Don’t get bitten or burnt this summer

Going on holiday this year? Head down to Holland and Barrett and grab some incognito protection. I first noticed the brand last summer before one of my walks in the Fens.

incognito is launching a new improved Second Skin Suncream this month (May). According to the company “the newly formulated triple action 3-in-1 sun cream, insect repellent and moisturiser now provides SPF 30 UVA and UVB (broad-spectrum) protection and is clinically tested to be 100% effective for over 5 hours against mosquitoes that can carry dengue, chikungunya and Zika.”

Sounds good – and a bit scientific, eh?

When holidaying or travelling, the best way to be protected is to use an insect repellent to deter mosquitoes and other biting things combined with a sun cream as protection against being zaped with cancer-causing sun blasts.

incognito Second Skin Suncream Repellent is a triple action, 3-in-1 sun cream, insect repellent and moisturiser that provides SPF 30 UVA and UVB protection, naturally. It is also water resistant – so you can go wild swimming in it too and be totally natural!

incognito CEO Howard Carter comments: “We are amazed at our new suncream insect repellent.  We have listened to feedback on our SPF25 and have improved the formulation so it’s now even more effective and has a higher SPF. Uniquely, it also provides 100% protection from mosquitoes for over 5 hours and 88% after 8 hours according to scientific testing. These are hitherto unheard of results and Team incognito are very proud.”

The cream has a non-greasy formulation with a citrus fragrance and is suitable for children aged 2+. It is COSMOS natural certified, assuring quality, plant-based, non-GM, irritant-free ingredients, and no animal testing. The active-ingredient, PMD, is recommended by WHO, NHS, Public Health England, NaTHNaC and, and is the same as that used in the incognito spray and roll-on.

An added benefit is that it helps lighten the load, with three products in one saving you luggage space. Plus it works in conjunction with the other products in the range; incognito Second Skin Moisturiser/after sun and Hair & Body Wash. Using complementary skin care products means there are no competing fragrances and smells which could negate the effects of the repellent.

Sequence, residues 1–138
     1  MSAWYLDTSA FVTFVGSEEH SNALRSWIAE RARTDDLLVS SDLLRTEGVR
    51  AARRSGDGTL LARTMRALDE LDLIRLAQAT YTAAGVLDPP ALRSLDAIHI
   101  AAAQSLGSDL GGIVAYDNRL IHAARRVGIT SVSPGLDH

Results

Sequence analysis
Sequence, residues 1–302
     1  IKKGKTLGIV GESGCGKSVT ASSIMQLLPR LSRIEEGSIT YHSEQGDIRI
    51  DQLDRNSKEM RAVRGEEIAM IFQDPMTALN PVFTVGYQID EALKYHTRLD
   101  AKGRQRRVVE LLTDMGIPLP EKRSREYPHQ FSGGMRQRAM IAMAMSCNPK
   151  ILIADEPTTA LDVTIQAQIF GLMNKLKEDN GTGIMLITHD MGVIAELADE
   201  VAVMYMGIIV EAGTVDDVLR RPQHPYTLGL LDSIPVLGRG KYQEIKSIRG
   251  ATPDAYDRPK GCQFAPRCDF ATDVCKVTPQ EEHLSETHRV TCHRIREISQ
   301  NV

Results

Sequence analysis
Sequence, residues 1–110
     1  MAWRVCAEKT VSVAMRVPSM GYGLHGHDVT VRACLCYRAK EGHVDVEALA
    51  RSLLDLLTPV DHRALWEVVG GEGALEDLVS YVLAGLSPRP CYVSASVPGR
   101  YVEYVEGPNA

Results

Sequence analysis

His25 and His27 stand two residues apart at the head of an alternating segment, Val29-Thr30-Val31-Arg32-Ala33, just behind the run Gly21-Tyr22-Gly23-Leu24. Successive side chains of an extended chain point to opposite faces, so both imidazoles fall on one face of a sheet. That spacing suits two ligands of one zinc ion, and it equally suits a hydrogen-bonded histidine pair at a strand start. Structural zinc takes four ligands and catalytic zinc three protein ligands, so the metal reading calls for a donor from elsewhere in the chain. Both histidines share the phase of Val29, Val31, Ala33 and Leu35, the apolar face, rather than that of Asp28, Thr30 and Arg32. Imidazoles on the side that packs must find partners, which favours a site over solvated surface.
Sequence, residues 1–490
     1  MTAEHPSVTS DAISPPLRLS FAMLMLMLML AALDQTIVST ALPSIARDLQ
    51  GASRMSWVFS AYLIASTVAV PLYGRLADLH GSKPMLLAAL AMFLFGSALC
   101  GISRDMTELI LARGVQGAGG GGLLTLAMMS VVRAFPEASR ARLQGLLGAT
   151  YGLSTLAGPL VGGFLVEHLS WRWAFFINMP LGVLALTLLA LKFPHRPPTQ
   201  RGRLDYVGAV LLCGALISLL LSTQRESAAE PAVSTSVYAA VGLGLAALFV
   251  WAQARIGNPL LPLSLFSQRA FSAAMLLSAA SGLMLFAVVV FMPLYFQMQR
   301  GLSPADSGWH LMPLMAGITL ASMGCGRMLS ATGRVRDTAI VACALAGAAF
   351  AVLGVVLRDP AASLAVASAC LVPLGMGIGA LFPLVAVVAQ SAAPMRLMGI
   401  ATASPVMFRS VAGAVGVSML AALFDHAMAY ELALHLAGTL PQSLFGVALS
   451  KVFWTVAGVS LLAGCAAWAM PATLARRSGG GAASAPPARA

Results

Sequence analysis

The Suncream is packaged in renewable source sugarcane plastic, which significantly eliminates the carbon footprint of the product – every kilogram produced prevents 4.6kg of carbon dioxide entering the atmosphere. It is produced by an ethical and environmentally conscious company that donates 10% of its profits to charity, such as Enactus Edinburgh projects, Bethsaida Hermitage, and partners with the Travel Foundation charity.

incognito Second Skin Suncream retails at £25 for a 150ml tube. It will be available from Waitrose, Holland & Barrett, independent chemists and health stores, on 020 7792 8687 and from www.lessmosquito.com

Ingredients:Aqua (water), caprylic/capric triglyceride, zinc oxide, PMD (eucalyptus maculata citriodora), sorbitan laurate, propanediol, glycerine (organic), isostearyl isostearate, polyhydroxystearic acid, titanium dioxide, polyglyceryl-4 laurate/succinate, tocopheryl acetate, magnesium aluminium silicate, decyl isostearate, aloe barbadensis (aloe vera) leaf extract (organic), leontopodium alpinium (edelweiss) extract, pelargonium graveolens (geranium) oil (organic), isostearic acid, aluminium stearate, alumina, xanthan gum, citric acid, dehydroacetic acid, benzyl alcohol, sodium benzoate, potassium sorbate, citral, geraniol, linalool, citronellol, limonene. All blended together in a unique secret process.